Paul Theroux

The Author of such classic works as The Great Railway Bazaar and The Mosquito Coast,
Paul Theroux is arguably the world’s greatest living travel writer. Here he describes the seven most
momentous expeditions of a lifetime defined by journeys

Illustration: Jacob Pérez Enciso

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1. Camping in the woods, 1952

My very first adventure was as a Boy Scout, when I was about 11. You had to be able to cook on a fire, shoot a gun and camp. I grew up in a suburb just outside Boston, so my father drove us to the woods and dropped us off at the campsite, where we set up our three little one-man tents and spent a couple of days. This was the first time I’d been away without an adult. With my own tent. My own sleeping bag. Cooking my own food. It was fun, but the best thing was being self-sufficient.


2. Skiing in New Hampshire, 1957

I grew up in New England, where winters were very snowy, but it was only when I was about 16 or 17 that I learnt to ski. This school trip made a profound impression because it was the first time I’d ever needed specific equipment – jacket, gloves, boots – and I learnt a new skill away from home. It informed the way I travel.


3. Discovering Italy, 1963

Straight after university, a friend and I hitchhiked from Rome across Italy, living like vagabonds. It was my first experience of life outside America, and it smelt different and it looked different. Italy then was very sober – the men wore brown suits and hats, and the women black dresses. I didn’t know what I was looking for; I was open. I thought, “Maybe I’ll fall in love.” I didn’t, but I did find a vocation: to teach.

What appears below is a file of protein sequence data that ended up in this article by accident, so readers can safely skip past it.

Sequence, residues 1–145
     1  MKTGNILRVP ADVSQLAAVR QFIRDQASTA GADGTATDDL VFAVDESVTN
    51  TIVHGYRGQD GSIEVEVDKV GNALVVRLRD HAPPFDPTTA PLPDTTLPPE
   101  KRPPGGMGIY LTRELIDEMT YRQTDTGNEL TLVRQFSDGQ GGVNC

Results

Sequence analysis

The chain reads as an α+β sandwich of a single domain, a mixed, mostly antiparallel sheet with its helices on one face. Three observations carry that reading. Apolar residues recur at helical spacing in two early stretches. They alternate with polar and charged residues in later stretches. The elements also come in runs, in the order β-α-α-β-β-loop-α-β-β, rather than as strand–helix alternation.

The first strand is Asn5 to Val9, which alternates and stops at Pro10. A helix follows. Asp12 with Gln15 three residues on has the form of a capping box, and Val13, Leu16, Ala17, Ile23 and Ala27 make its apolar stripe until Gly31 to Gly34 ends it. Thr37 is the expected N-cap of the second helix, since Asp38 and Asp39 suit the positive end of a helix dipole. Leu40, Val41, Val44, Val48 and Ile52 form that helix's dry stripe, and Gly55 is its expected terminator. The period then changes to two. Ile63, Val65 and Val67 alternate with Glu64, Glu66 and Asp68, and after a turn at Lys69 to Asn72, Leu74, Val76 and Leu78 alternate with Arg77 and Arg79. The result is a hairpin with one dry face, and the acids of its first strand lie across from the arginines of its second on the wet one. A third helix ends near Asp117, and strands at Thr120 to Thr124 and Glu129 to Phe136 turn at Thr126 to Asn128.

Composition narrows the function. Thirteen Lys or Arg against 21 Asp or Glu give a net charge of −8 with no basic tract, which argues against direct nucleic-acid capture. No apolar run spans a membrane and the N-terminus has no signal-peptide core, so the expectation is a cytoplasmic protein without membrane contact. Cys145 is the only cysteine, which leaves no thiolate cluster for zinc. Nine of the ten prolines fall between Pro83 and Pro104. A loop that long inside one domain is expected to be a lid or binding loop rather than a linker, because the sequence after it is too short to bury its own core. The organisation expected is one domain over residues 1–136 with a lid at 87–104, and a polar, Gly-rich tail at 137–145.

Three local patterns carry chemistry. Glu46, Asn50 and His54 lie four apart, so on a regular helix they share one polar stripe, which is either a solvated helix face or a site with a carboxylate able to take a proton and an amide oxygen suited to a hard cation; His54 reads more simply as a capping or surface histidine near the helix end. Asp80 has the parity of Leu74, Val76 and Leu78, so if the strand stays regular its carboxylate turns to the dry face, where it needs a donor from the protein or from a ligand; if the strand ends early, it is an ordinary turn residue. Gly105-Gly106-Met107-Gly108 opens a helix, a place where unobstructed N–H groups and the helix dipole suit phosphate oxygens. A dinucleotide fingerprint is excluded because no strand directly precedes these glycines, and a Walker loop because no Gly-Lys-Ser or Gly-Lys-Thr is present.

4. The Peace Corps, 1963

This trip, to Nyasaland, which became Malawi, was the one that changed my life. I taught there for two years and then four in Uganda, and I was very happy. I lived in huts, among African people, in the way they lived. I had a connection and made real friends. Because it was a great time of social change, I learnt a lot about Africa, which is what keeps me going back.


5. Exploring the East, 1968

This wasn’t a trip in the ordinary sense; it wasn’t a journey there and back. I got a job for three years as a lecturer in Singapore. Because it was hot, stifling and noisy, I wanted to leave. So I did – a lot. I would take a train to Bangkok. A ship to Borneo. I went to Burma, to Thailand, to Indonesia and walked the old streets, and ate at the old markets that Joseph Conrad wrote about. By then I had written novels, but never a travel book. Once I’d traveled, though, I had material. I had stories to tell. So Singapore, in a sense, prepared me for a life as a travel writer.


6. Taking the train from London to Tokyo, 1973

I knew I wanted to write a travel book. I realized I could go from London to Paris, then Istanbul, and then through Turkey overland to Afghanistan and hook up with trains to India and the East. In parts it was dangerous. In Vietnam there was still fighting, and trains were being blown up. But I felt that if I was going to be a travel writer, it was these sorts of experiences I should be writing about. I was young – 31 or 32. I probably wouldn’t do that now.


7. From Cairo to the Cape, 2001

This was the longest overland trip I have ever undertaken. It was testing and very dangerous, but I produced one of my favorite books. I went to places I had never been – the pyramids in Sudan and the wild lands between Ethiopia and Nairobi. We camped when we got stuck and had to sleep under a lorry. Actually, I haven’t rough-camped much since my first trip as a child.


Paul Theroux’s book, The Last Train to Zona Verde, is published by Hamish